Colonial (State) Papers
John Locke – Colonial State Papers Excerpts
In 1696, William III appointed Locke as a member [governor?] of the Board of Trade, a revamped committee to manage colonial affairs for the empire. Locke was the secretary of its predecessor, the Council on Trade and Foreign Relations, in the 1670s under Charles II. Locke was one of several whigs that William III placed into prominent positions managing the nation and empire. The Glorious Revolution offered an opportunity for whigs to deploy their ideas about limits on executive power and the protection of individual liberty. The English Bill of Rights, crafted in 1689, embodied the spirit of the whig reforms, and acquiescence to them was part of the settlement Parliament offered William and Mary in exchange for crowning them, king and queen. William oscillated support between the tory and whig factions, attempting to keep balance in the political landscape, but by 1694 he favored the whigs.
What role do you see Locke playing in the entries below? How is this similar or different to his position with the Council of Trade and Foreign Plantations under Charles II? What concerns do Locke and the other board members have about colonial governance? How do the concerns and observations here compare to Locke’s Virginia Plan and Queries?
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Title: Commission Date: May 15, 1696 Calendar Reference: Item 1, Vol 15 (1696-1697), p.1.
Summary/Transcript: appointing John, Earl of Bridgewater, Ford, Earl of Tankerville, Sir Philip Meadows, knight, William Blathwayt, John Pollexfen, John Locke, Abraham Hill, and John Methven, together with the Lord Chancellor, the Lord President, the First Lords of the Treasury and Admiralty, the Principal Secretary of State and the Chancellor of the Exchequer for the time being, to be Commissioners for promoting the trade of the Kingdom and for inspecting and improving the Plantations. Any three or more of them are to consider methods of employing the poor; any five of them are to be a quorum. The ex officiomembers are to be called in only when their particular attendance is requisite. The question of obtaining naval stores from the Colonies is particularly commended to their attention.
Title: Order of the Lords Justices of England in Council Date: Sept 10, 1696 Calendar Reference: Item 198, Vol 15 (1696-1697), p.98-99.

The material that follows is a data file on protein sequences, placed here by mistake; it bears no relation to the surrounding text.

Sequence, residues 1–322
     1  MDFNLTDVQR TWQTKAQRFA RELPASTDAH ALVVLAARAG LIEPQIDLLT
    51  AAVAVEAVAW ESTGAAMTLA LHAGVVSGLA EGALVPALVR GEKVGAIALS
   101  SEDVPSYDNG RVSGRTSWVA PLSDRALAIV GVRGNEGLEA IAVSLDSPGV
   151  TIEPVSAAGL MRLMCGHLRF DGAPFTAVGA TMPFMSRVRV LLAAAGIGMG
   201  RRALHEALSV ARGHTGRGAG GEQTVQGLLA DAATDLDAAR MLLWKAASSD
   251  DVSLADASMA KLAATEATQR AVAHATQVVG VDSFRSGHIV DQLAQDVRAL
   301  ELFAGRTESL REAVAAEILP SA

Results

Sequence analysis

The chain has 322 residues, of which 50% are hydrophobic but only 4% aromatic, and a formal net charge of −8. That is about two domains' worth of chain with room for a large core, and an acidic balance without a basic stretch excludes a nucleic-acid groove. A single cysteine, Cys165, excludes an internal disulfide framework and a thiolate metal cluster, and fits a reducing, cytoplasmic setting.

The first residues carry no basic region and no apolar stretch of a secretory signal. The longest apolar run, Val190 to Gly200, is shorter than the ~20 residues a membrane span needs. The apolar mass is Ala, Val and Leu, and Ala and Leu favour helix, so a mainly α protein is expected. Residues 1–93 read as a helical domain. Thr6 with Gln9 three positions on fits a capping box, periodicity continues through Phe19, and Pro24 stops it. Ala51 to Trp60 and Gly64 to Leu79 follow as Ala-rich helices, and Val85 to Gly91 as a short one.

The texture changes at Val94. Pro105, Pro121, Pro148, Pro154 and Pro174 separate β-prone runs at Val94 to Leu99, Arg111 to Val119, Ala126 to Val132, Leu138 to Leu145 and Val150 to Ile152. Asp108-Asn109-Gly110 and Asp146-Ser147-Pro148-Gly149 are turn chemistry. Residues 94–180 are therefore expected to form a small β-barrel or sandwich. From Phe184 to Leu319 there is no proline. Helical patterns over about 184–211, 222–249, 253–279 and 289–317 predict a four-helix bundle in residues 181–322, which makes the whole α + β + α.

Summary/Transcript: Referring a Representation of the Council of Trade, concerning Attorneys-General for the Colonies, to the Attorney-General for report. Signed, Rich. Colinge. ½ p. Annexed,
Enclosure 1: [198 i, Council of Trade to the Lords Justices of England, 7 September, 1696]
In obedience to your order of 23 July last, concerning the appointment of Attorneys-General in the Colonies, we have advised with Mr. Edward Randolph, who reports as follows. William Randolph, the present Attorney-General of Virginia, is wholly unacquainted with the laws and practice of the Courts in England; George Plater, the Attorney-General of Maryland, is a favourer of illegal trade; David Lloyd, Attorney-General of Pennsylvania, has refused to put forfeited bonds in suit; Anthony Checkley, Attorney-General of Massachusetts, is not only ignorant of the laws of England but has been himself an illegal trader. We therefore think these persons unfit for their places, however fit they may be deemed by the Proprietors, and we would recommend the following appointments, viz. Edward Chilton to be the King’s Attorney-General for Virginia, Maryland, Pennsylvania, North Carolina and West Jersey; Thomas Newton to be the same for Massachusetts, Rhode Island and New Hampshire, and James Graham for New York, East Jersey and Connecticut. Signed, J. Bridgewater, Ph. Meadows, John Pollexfen, John Locke, Abr. Hill. Copy. 1½ pp.
The King to the Governors and Companies of Connecticut and Rhode Island. Kensington
William III, King of England (William of Orange). The Calendar of State Papers, Colonial: North America and the West Indies 1574-1739, 15.(Apr 22, 1697).
Notwithstanding the laws for prevention of frauds in the Plantation-trade, it is evident that great abuses have been and continue to be practised, which must needs arise either from the insolvency of the persons admitted for security or from the remissness of Governors, past and present, who ought to take care that those who give bond shall be prosecuted in case of non-performance. If we shall be hereafter informed of failure in the observance of the laws within your provinces by any wilful fault or neglect on your part, we shall look upon it as an infraction of the laws, tending to the forfeiture of your charters. Countersigned, Shrewsbury.
EARLY ACCESS: Transcription is under editorial review and may contain errors.
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